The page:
Within months of the Union victory in the Civil War in 1865, a small band of soldiers from the defeated Confederate army gathered in Pulaski, Tennessee, and formed an organization they dubbed the Ku Klux Klan. Very quickly, like-minded individuals—mostly professionals and former plantation owners—joined what was initially a loose network of chapters throughout much of the South. Their primary focus was to oppose Reconstruction, and to that end the KKK launched a campaign of terror in which its members killed thousands of blacks who worked with poor whites to build a new South. That campaign culminated in the complete defeat of Reconstruction with the Hayes-Tilden Compromise in 1877.
In the 150 years following the founding of the Ku Klux Klan, additional organizations using some variation of that name sprang up. The former Confederacy was always the base of the various Klans, but when the KKK experienced a dramatic revival in 1920, chapters emerged in northern and western parts of the United States as well, including in Connecticut. The remarkable increase in Klan popularity—its membership reached five million during the 1920s—came largely from its branding itself as nativists defending an embattled pure American white race against blacks, Jews, Catholics, Bolsheviks, and immigrants who came to US shores in large numbers in the preceding two decades. Always, though, the Klan’s primary animus was toward blacks.
The KKK Comes to Connecticut
The first reports of individuals in the ubiquitous white robes gathering in Connecticut, as well as of cross burnings (a telltale sign of an organized Klan presence) in the state, date to as early as 1924. The Klan regularly organized field days, and one held in Greenwich in 1928 attracted 200 people. One estimate placed the Klan’s peak membership in Connecticut in the 1920s at 18,000. The KKK declined in Connecticut as dramatically as it rose, however, and its membership by the 1930s was a fraction of its peak.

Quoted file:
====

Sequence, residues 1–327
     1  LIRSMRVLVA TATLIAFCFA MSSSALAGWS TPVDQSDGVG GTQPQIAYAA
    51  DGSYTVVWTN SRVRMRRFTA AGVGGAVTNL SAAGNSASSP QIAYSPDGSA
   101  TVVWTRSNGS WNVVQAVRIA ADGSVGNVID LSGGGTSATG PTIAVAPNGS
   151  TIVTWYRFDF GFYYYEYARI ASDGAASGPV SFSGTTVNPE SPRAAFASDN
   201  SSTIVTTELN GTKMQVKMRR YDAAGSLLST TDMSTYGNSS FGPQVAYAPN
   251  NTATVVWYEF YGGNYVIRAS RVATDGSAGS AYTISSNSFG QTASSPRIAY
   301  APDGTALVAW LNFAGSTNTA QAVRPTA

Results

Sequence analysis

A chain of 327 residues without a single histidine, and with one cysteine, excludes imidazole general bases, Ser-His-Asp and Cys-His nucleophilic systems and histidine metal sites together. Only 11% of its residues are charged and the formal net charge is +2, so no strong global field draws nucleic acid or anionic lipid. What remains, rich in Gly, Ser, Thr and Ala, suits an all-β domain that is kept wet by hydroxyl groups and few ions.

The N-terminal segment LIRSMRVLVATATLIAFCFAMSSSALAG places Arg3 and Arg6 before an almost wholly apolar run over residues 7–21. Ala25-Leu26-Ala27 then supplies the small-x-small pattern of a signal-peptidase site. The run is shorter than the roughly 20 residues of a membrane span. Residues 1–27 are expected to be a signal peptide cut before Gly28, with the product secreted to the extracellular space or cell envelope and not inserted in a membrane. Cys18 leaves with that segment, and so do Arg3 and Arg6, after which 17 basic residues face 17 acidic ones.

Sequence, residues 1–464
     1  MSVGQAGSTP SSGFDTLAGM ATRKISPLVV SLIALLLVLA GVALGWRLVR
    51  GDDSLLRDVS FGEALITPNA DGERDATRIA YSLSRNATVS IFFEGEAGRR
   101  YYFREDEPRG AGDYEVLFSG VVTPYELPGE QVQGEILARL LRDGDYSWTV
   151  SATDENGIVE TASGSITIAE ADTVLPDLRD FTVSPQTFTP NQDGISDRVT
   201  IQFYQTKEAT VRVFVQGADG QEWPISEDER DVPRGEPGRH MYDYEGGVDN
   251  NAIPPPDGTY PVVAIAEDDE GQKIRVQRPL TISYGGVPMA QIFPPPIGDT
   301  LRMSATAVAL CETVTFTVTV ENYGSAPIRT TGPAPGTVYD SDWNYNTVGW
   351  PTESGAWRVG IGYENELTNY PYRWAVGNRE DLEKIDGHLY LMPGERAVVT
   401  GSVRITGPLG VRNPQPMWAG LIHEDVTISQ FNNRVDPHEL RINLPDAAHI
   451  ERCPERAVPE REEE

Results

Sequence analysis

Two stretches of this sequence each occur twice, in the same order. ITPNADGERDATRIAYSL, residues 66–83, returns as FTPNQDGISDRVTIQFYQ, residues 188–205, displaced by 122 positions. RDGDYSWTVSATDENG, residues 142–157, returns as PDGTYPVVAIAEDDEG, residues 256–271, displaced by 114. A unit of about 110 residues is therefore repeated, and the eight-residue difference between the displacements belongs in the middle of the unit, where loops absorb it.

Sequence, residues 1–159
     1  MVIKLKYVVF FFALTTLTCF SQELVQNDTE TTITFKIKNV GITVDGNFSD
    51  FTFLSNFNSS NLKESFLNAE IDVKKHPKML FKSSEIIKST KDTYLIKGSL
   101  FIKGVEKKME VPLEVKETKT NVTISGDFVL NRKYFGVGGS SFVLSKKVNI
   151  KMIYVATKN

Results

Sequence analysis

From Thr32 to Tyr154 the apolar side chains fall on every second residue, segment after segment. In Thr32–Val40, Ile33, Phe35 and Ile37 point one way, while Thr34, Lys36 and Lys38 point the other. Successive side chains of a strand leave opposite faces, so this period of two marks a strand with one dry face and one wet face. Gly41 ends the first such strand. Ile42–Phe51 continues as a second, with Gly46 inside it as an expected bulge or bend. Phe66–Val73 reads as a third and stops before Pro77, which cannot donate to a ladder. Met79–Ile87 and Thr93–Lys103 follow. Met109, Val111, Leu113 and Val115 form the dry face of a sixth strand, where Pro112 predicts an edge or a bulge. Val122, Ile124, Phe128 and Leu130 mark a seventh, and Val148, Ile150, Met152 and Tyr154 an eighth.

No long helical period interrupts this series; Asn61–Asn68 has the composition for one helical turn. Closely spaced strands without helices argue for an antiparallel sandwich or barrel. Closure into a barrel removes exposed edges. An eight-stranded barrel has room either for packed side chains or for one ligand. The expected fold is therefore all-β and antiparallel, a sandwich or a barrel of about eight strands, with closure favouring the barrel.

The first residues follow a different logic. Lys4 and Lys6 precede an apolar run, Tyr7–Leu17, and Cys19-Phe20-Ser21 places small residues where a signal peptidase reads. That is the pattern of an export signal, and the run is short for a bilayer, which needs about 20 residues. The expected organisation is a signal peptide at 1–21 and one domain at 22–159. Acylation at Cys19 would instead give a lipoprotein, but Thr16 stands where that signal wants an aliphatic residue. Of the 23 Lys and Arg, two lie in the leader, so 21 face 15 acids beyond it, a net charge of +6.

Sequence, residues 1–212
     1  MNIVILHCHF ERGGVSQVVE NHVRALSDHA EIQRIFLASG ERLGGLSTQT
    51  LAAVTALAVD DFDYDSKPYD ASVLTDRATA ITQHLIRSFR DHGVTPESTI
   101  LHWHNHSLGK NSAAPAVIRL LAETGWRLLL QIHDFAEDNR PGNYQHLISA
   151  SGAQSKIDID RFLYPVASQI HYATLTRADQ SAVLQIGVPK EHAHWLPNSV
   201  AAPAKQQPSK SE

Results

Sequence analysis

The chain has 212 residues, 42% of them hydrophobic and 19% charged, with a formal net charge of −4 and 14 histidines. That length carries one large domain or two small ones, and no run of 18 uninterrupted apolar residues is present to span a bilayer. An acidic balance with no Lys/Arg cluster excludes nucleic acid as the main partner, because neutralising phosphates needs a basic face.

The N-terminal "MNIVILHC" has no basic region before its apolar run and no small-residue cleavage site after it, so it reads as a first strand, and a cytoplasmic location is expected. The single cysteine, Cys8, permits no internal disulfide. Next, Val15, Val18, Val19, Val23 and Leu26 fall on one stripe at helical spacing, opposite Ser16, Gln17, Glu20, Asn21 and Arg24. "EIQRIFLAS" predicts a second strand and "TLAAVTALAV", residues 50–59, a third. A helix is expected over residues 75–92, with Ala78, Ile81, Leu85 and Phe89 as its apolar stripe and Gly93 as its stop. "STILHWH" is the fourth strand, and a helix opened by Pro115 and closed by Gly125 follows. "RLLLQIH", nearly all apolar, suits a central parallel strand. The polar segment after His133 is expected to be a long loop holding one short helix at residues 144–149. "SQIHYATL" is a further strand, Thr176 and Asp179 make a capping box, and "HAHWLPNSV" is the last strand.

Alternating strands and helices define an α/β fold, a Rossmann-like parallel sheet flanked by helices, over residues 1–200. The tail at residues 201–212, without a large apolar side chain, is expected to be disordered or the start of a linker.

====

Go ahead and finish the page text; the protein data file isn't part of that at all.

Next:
Klan activity in Connecticut was virtually nonexistent for five decades until 1980 when the Invisible Empire of the Knights of the Ku Klux Klan, one of a myriad of splinter groups, formed. The Invisible Empire established a chapter in and around Meriden and held a series of actions in that part of the state over the next two years.
The most dramatic of these actions was on March 21, 1981, when several dozen robed Klan members and supporters rallied at Meriden’s city hall in support of a Meriden police officer who shot and killed a black man suspected of shoplifting at a nearby mall. A far larger number of anti-Klan demonstrators confronted the Klan members, resulting in injuries to 20 people and the arrests of two counterdemonstrators.
The KKK held rallies in Meriden on July 4, 1981, on March 20, 1982, and on April 30, 1983, and also in Windham on October 10, 1981, that attracted as many as 30 members and supporters. On each occasion, however, crowds 10 to 20 times larger gathered to protest their presence. The Invisible Empire also set up the Klan Youth Corps, a group for young supporters, and leaflets published by the Corps began appearing in high schools in the Meriden area around this time. Questions from students prompted the union representing many of the state’s teachers, the Connecticut Education Association, to publish a curriculum guide about the KKK. The same article estimated that the Invisible Empire had 200 members in Connecticut in 1982.
Though the Klan’s public presence in Connecticut soon waned, it resurfaced at various times over the next three decades, mostly in the form of flyers attributed to one faction or another. Such flyers appeared in Orange in 2012 and Milford in 2013. According to a report issued in 2014 by the Southern Poverty Law Center (SPLC), there remains one Klan faction in Connecticut: the Loyal White Knights of the Ku Klux Klan. According to its website, the Loyal White Knights are based in North Carolina and are “the largest Klan in America.” Neither the Loyal White Knights nor the SPLC provide estimates on how many members or chapters the Knights have in Connecticut, where members and chapters reside, or provide any insight into member activity.
Bridgeport native Andy Piascik’s most recent book is the novel In Motion. He can be reached at email@example.com.